ARVONews Fall 2016
What I like most about Baltimore … is that I have the opportunity to work in one of the best institutions in the world with amazing colleagues. In addition, I like the variety of great restaurants, many of which should for sure be recommended to ARVO attendees.
that served as the inspiration for “The Star Spangled Banner,” is actually a lovely spot as well as fascinating. And the USS Constellation in the Inner Harbor is one of the few late 18th-century sailing warships still afloat anywhere. Some of the things I like best about living and working in Baltimore … are proximity to the Chesapeake Bay for sailing and seafood (if you’re a fan of farm-to-table and locally sourced food you’ll enjoy Woodberry Kitchen), Orioles Park for baseball (one of the best places to watch baseball, and three blocks from the Baltimore Convention Center), the fact that getting to and from the airport isn’t a hassle (15 minutes from downtown by taxi or light rail), and that Washington, D.C., and the Smithsonian Museums are an hour’s drive or train ride away. West moved to Baltimore from California in 1971 and, except for a four-year sojourn in the Philippines, she has lived in the city ever since. She serves as the vice chair for research at Wilmer Eye Institute. Her research projects in Baltimore have included working on diabetic retinopathy with the local Latino community, and internationally, on trachoma in Tanzania, Nepal and elsewhere. Sheila West, PhD, FARVO Wilmer Eye Institute, Johns Hopkins Hospital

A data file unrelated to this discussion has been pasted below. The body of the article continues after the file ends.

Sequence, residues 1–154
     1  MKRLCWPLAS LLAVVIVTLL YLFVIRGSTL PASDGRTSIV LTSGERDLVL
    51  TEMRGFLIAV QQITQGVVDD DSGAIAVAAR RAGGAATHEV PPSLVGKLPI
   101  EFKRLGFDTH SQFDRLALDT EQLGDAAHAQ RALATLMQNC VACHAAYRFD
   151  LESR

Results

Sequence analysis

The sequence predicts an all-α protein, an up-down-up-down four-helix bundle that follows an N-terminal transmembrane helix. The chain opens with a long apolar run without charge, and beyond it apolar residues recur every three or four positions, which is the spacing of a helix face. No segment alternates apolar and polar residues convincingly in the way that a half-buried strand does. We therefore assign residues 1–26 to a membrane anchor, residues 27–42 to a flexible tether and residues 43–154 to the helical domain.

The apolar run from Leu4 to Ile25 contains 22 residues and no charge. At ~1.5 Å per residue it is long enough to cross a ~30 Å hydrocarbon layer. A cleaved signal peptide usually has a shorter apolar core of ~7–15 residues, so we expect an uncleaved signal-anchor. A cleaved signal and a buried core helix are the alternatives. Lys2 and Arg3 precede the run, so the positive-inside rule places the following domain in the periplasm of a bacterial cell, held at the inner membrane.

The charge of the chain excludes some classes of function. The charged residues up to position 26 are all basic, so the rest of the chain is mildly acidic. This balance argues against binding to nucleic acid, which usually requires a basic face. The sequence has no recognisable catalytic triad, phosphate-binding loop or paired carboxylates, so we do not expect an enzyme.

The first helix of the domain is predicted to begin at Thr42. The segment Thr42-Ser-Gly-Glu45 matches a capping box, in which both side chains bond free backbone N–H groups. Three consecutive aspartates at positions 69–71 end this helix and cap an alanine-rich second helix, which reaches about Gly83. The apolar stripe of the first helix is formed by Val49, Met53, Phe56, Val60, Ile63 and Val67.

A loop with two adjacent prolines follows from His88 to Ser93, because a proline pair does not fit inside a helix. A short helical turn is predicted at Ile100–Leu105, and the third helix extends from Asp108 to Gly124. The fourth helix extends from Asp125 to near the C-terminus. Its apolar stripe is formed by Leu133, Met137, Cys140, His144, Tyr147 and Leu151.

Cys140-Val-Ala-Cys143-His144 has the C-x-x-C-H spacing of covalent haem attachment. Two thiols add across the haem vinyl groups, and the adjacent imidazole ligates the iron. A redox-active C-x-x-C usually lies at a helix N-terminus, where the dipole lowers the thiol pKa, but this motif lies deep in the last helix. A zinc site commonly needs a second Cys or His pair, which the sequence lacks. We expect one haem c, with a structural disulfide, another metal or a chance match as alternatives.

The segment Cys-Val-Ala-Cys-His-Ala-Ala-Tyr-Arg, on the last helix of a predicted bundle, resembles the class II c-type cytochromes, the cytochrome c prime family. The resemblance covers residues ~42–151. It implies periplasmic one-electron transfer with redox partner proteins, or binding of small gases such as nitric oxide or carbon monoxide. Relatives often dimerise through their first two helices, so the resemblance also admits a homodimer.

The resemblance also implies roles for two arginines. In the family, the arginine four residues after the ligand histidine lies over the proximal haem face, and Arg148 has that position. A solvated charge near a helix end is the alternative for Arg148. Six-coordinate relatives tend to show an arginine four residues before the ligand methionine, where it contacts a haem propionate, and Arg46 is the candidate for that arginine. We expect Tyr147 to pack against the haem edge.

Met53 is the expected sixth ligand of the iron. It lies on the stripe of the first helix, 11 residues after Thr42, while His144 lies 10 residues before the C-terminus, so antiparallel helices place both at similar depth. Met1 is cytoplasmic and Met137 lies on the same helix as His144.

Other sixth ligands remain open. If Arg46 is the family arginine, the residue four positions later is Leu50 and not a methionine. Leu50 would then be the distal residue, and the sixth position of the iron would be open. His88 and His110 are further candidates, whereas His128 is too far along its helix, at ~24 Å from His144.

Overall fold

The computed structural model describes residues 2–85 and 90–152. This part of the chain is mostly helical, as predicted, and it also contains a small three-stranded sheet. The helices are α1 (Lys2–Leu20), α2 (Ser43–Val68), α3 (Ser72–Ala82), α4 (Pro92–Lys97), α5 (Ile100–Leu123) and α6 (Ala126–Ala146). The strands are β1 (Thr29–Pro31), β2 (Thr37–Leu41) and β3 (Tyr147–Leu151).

Janet Sunness, MD, FARVO Greater Baltimore Medical Center
Sunness, who has lived in Baltimore for 33 years, conducts clinical research on the impact of advanced dry AMD on the quality of life and on visual function. Medical director at Greater Baltimore Medical Center, she serves as the principal investigator of one of the nine clinical sites for the ProgStar study, a prospective natural hx study of Stargardt disease. Baltimore’s best kept secret … is the wonderful and safe communities, which tend to be overshadowed by the news media. What I like best about living and working in Baltimore … is the wonderful sense of community and the 13-minute drive to work.
Baltimore’s best kept secret … is the city itself with superb restaurants (check out Cinghale, Woodberry Kitchen
or Sobo Café), lovely distinct
neighborhoods that are affordable and diverse cultures. And we just smile
Hampden neighborhood, Baltimore
Richard Thompson, PhD University of Maryland School of Medicine
at those on the East Coast who consider it a train stop on the way from New York to Washington, D.C.
Camden Yards, home of the Baltimore Orioles
Thompson has lived and worked in Baltimore for 25 years. His team’s work is focused on developing novel fluorescence imaging methods for early screening for AMD and other diseases. Baltimore’s best kept secrets … are some of the less widely known places to visit, such as Sherwood Gardens, Hampden (a neighborhood with funky shops and restaurants, like Café Hon) and Harbor East (younger and trendier than Harborplace itself, but a little farther from downtown). Fort McHenry, the site
What I like about living and working in Baltimore … is that the expertise and collegiality at Johns Hopkins has made it an exceptional place to do interdisciplinary research. We live in the city and, as with any place one lives, the enduring friendships of colleagues and neighbors is especially meaningful. And how about them “Os”?
17 | ARVONews Fall 2016 | arvo.org
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